I was prepared. I was ready for almost any student argument. I had thoroughly thought through how I would “sell” ungrading to my Organic Chemistry II students.
And then the first day happened. It was yet another reminder that we’re never truly ready for new pedagogical implementations, no matter how ready we think we are.
The plan was to discuss career trajectories and how the skills learned in this class would help students move closer to the life goals that they were attending college classes to achieve. Then relate how the skills they would build in ungrading would contribute to this life goal skill set. So, I began with some discussion questions that the students would answer in partner pairs:
Once they had answered the discussion questions in pairs and had written down their answers (so that they “owned” the outcome), we talked about what companies want (i.e. competencies) and how company managers perceive their recent college graduate new hires in terms of their proficiency in those competencies. The top five essential competencies (in descending order) included: professionalism/work ethic (100%), critical thinking/problem solving (99.2%), teamwork/collaboration (97.5%), oral/written communications (95.9%), and leadership (68.6%).
And then I revealed the data for the third discussion question…
Looking at the percent of employers who rated recent college graduates proficient in the competencies versus the percent of students who considered themselves proficient in those same competencies resulted in some really interesting differences in opinion. The deltas show those assessment differences, the largest of which exists for professionalism/work ethic (52.2%) and then for critical thinking/problem solving (38%), oral/written communications (37.8%), leadership (37.5%), and career management (23.6%). So, for four of the top five essential skills (as rated by employers), students rated themselves much higher in the proficiencies than their employers rated them. The closest rating between employers and students for the essential competencies was teamwork/collaboration, which still had a delta of <20%. Students consistently rated themselves much higher in their proficiency for these competencies than their employers did, with the one exception of digital technology, which happened to be the smallest delta as well.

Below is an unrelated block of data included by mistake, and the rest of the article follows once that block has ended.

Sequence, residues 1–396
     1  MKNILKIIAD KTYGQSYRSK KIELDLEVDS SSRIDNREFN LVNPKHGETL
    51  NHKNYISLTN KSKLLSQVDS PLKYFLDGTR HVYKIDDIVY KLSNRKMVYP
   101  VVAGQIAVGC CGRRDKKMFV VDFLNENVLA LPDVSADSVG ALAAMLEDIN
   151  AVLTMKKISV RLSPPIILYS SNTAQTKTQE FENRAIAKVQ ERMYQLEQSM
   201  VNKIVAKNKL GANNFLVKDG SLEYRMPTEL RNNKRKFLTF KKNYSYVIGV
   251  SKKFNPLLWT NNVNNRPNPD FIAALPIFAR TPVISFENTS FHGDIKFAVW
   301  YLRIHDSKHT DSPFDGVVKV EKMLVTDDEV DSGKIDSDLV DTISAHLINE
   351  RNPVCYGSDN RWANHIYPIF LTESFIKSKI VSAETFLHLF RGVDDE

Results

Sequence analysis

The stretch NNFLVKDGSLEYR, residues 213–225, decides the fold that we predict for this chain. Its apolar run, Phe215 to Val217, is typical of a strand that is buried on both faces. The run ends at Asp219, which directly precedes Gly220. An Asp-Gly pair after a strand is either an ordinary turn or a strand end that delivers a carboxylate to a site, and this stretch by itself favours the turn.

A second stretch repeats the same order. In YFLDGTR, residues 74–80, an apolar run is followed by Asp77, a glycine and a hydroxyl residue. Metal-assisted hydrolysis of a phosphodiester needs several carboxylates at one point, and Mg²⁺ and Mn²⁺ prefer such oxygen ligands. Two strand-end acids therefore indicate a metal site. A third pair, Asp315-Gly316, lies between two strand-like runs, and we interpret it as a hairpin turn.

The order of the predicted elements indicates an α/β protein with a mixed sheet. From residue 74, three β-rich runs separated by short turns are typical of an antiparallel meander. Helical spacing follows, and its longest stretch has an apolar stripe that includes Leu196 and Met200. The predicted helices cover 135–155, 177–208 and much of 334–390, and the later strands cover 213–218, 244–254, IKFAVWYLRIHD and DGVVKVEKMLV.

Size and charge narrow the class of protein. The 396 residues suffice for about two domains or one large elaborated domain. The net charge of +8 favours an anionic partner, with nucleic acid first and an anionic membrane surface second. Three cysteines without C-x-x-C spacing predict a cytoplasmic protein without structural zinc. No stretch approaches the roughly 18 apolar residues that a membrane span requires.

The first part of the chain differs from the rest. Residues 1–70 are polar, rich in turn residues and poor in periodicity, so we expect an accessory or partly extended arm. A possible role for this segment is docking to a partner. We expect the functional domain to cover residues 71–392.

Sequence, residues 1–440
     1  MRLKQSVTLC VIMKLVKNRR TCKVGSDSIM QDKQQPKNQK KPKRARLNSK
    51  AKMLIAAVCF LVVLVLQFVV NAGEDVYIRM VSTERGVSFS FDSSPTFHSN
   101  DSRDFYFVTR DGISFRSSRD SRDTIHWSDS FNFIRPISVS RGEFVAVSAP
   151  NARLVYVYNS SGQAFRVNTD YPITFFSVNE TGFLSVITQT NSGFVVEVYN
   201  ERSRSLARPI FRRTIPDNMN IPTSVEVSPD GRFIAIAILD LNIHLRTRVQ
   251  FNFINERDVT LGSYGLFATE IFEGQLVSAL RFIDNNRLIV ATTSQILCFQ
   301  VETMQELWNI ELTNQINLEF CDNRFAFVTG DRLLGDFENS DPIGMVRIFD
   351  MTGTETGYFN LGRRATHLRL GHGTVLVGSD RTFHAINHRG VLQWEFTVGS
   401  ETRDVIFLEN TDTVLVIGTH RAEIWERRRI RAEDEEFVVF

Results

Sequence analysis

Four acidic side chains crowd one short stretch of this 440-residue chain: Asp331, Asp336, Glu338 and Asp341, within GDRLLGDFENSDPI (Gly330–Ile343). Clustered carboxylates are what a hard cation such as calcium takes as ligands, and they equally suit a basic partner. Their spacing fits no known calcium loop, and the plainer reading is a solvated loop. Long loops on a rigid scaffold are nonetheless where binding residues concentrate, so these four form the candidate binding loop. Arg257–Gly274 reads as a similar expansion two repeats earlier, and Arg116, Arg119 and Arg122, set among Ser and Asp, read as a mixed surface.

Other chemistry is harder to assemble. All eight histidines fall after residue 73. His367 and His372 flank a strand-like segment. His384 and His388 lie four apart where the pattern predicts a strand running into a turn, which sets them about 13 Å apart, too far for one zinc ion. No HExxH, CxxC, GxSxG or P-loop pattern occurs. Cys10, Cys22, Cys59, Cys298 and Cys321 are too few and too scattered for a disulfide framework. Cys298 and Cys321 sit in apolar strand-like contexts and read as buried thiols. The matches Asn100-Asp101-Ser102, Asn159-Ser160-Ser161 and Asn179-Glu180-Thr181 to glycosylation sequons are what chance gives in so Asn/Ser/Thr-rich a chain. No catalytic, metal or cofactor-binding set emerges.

This slide raises some really interesting questions. Why are the deltas so large? And why did employers consistently rate their new hires lower than they rated themselves, with the one exception of digital technology? And what skills could students build now that would close the deltas so that the students could more accurately assess themselves?
I had set up the argument; it felt like an easy and slow pitch. Now I just needed my students to make the connection (BUILD the self-assessment skills in class!). But my students had other ideas…
One of my students proceeded to make the argument instead that this data only shows the bias of employers against new hires. And while he had a point – according to at least one survey the majority of Americans have basically no confidence in their bosses – this was not the connection I was looking for. After a quick acknowledgement that his argument may be true for some (or even many) but probably not true for all (which he conceded), we were already off track.
So I was forced to refocus my efforts again. I asked my students if they knew what they received on their last test in any class BEFORE they got it back. For those who worked full time, I asked my students if they knew what their manager’s assessment was going to say on their last performance review. And then I drew their laser like focus back to the topic at hand by saying the following:
I was tired of hearing from friends who were shocked by their latest performance review.
I was tired of hearing from friends who had been fired that they didn’t see it coming from a mile away.
“You should know exactly what (or close to it) your boss is going to tell you when you walk into your yearly performance review. And you should have a say in the review itself – otherwise it would be considered unfair.”
Why are grades any different?
(Wow did that work like a charm. They got it. They knew why we were doing this ungrading thing. And they bought in. Whew!)
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|Ungrading: A Series (Part 1)||The First Exam (Part 3)|
|Reframing the Experiment (Part 4)|
|The First Day (Part 2)
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|Transformation in Teaching and Learning (Part 5)|